Two Sundays ago, I went to the funeral of a friend’s father. On Monday, a student of mine lost her husband of 37 years. On Tuesday, an old friend’s brother died at the young age of 44. On Thursday, my sister’s boss died. Essentially, four deaths in five days.
Fred, Chuck, Vince, Dave. Father, husband, brother, boss. Each of these men left behind a beloved and heartbroken family and friends.
When my dearest of friends died last December, everything changed in an instant. It was like getting thrust into a foreign country – one I never, ever wanted to visit. Everything “appeared” to be the same – me, my house/car/job/ neighbors/family/friends, etc. – and yet nothing was the same. I was a stranger in a strange land. A stranger even to myself.
If you are in this foreign land trying to make sense of it and find your way through it, please know you are not alone. I know I needed and was grateful to have this information when my friend died. Please keep the wisdom from the Grief Recovery Institute in mind as you walk through the foreign land of grief:
Grief is the normal and natural reaction to loss. Although you may feel like you are “losing it” or have already “lost it,” there is nothing wrong with you. Unfortunately, most of the information we have learned about dealing with loss is not normal, natural or helpful.
Although grief is among the most powerful of all human emotions, it is the one we know the least about. In our society, we are taught to acquire things. We are not taught what to do with loss. Do not let our societal misunderstanding make you doubt yourself when you are grieving. You are not broken and you do not need to be fixed. You need to be listened to with
dignity and respect.
Grief is emotional, not intellectual. The facts of the event are intellectual, but to the person affected, it is emotional. Many of the comments made after a loss may be intellectually accurate but emotionally barren. For example, comments such as “don’t feel bad, he’s no longer in pain” or “at least she didn’t suffer” might be factually true, but such comments ignore your pain and may leave you feeling more confused, frustrated, and isolated. Even if your loved one isn’t suffering, your heart is broken and you are suffering.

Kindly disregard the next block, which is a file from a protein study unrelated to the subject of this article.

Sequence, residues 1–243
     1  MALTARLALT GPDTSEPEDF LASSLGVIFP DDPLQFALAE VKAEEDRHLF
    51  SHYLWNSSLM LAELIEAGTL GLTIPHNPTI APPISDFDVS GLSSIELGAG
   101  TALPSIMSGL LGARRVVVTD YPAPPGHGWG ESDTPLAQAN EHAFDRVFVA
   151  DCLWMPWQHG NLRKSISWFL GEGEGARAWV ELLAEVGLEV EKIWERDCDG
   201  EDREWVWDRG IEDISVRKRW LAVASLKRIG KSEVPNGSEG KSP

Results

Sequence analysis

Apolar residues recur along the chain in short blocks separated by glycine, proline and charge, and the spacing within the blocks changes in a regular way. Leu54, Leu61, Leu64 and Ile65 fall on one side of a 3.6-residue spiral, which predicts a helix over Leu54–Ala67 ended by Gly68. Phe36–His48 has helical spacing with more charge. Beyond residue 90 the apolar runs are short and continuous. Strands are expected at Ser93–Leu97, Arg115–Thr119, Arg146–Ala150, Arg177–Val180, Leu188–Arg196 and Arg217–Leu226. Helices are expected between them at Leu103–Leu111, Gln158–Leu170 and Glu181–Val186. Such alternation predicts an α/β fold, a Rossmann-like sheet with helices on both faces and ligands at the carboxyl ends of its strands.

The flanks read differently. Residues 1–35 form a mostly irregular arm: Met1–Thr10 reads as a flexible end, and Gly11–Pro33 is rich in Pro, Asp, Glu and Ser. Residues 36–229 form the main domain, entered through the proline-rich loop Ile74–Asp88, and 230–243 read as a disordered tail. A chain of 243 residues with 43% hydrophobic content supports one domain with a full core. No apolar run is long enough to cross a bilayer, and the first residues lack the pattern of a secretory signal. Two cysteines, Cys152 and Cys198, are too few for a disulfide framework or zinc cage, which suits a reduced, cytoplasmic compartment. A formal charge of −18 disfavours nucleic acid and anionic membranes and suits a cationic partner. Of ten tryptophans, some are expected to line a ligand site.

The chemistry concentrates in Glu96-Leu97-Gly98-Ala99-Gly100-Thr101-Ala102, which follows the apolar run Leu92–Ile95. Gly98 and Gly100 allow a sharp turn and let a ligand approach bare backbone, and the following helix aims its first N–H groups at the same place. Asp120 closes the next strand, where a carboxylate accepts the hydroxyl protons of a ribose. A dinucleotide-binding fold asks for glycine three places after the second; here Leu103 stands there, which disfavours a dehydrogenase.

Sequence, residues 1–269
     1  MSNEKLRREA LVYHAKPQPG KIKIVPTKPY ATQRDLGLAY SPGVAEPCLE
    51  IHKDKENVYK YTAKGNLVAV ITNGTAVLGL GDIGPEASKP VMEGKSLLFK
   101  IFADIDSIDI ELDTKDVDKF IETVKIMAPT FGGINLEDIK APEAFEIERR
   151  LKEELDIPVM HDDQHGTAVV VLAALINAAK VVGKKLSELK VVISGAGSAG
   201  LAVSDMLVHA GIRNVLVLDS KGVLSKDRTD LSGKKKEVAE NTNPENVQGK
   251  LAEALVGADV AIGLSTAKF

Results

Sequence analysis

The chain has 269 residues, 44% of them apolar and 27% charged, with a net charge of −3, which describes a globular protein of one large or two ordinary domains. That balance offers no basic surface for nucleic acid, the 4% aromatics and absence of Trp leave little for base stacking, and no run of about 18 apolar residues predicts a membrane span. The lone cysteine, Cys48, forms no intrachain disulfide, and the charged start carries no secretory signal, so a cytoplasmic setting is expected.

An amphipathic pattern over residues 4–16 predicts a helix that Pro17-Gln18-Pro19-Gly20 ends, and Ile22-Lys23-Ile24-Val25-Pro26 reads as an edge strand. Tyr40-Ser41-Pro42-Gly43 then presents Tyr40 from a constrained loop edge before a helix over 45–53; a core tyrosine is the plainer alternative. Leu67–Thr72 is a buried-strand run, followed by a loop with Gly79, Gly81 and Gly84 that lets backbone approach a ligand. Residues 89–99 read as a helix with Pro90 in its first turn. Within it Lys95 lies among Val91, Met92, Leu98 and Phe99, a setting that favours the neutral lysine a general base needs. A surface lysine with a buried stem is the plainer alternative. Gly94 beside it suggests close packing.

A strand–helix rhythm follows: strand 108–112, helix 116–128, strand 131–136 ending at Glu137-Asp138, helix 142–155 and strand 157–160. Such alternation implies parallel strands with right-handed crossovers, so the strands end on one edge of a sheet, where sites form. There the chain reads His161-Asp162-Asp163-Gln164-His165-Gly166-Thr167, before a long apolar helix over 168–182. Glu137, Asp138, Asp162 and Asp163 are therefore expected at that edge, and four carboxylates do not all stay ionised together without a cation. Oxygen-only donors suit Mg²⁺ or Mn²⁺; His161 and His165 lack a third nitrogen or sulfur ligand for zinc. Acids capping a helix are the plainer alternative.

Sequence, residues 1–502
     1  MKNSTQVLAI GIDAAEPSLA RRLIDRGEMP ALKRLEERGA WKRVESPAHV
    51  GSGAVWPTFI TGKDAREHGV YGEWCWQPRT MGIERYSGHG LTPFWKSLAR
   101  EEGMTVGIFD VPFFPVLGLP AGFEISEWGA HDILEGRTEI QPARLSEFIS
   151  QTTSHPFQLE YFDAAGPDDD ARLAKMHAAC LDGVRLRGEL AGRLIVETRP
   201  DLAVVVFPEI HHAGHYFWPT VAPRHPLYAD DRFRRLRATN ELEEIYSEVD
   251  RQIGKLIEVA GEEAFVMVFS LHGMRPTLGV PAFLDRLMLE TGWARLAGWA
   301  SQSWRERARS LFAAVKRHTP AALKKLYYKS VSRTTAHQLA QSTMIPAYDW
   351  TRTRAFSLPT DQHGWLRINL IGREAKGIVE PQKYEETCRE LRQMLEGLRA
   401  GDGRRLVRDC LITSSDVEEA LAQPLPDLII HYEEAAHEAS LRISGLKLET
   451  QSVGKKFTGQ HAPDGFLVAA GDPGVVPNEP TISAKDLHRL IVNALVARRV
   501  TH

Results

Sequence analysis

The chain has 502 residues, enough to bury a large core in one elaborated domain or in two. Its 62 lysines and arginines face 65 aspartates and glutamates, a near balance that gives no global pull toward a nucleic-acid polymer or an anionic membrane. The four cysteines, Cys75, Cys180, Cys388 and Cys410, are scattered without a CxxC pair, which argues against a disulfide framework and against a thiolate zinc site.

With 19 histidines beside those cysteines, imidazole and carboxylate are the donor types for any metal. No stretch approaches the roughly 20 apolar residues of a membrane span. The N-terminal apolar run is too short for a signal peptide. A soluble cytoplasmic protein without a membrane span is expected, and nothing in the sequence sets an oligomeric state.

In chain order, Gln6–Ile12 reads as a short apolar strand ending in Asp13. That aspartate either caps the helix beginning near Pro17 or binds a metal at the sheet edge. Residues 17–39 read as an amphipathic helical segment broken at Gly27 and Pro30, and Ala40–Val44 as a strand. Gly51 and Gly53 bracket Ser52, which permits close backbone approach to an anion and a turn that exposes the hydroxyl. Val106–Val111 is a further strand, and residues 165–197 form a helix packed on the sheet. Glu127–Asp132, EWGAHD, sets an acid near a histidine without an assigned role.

Common Responses to Grief
- Reduced Concentration – Because we are preoccupied with the many and varied emotions following a major loss, an inability to concentrate is the most widespread reaction. After losing my friend to cancer, I repeatedly walked into men’s bathrooms despite intentionally taking the time to stop, read and think about the signs on the door. I locked my keys in my car twice within thirty minutes. I double-booked events. I lost my phone and my keys repeatedly. Slow down. Be careful. This is not the time for multi-tasking.
- A sense of numbness – You may have experienced a sense of numbness. This is often the first reaction to loss. This numbness can be physical, emotional or both. It is often mislabeled as denial.
- Disrupted sleep patterns – You may not be able to sleep. Or you may sleep too much. Or both, alternately. After my friend died, I had never before been so tired in my life.
- Disrupted eating patterns – You may not be able to eat. Or you may eat too much. Or both, alternately.
- Roller Coaster of Emotions – You may go up and down, in and out of feelings. While normal, these emotional highs and lows may leave you feeling emotionally and physically drained.
Grief is hard. Very hard. I advise loved ones to listen to grievers with dignity and respect. Please listen without criticism or judgment. If you are grieving, remember that while the grief you feel is deep and painful, it is normal, natural and there is nothing wrong with you. And you can heal.
When I started writing this last week, the only thing on my mind was the longing in my heart to somehow help my friends and family in pain. And here I am, ready to post this on what is now the eve of September 11th, which most assuredly reminds us that death, even of those we don't know, impacts us in profound and unimaginable ways. With that ache in my heart, I dedicate this to Fred, Chuck, Vince, & Dave and all the people who loved them so deeply. Thank you all for making the world a better place.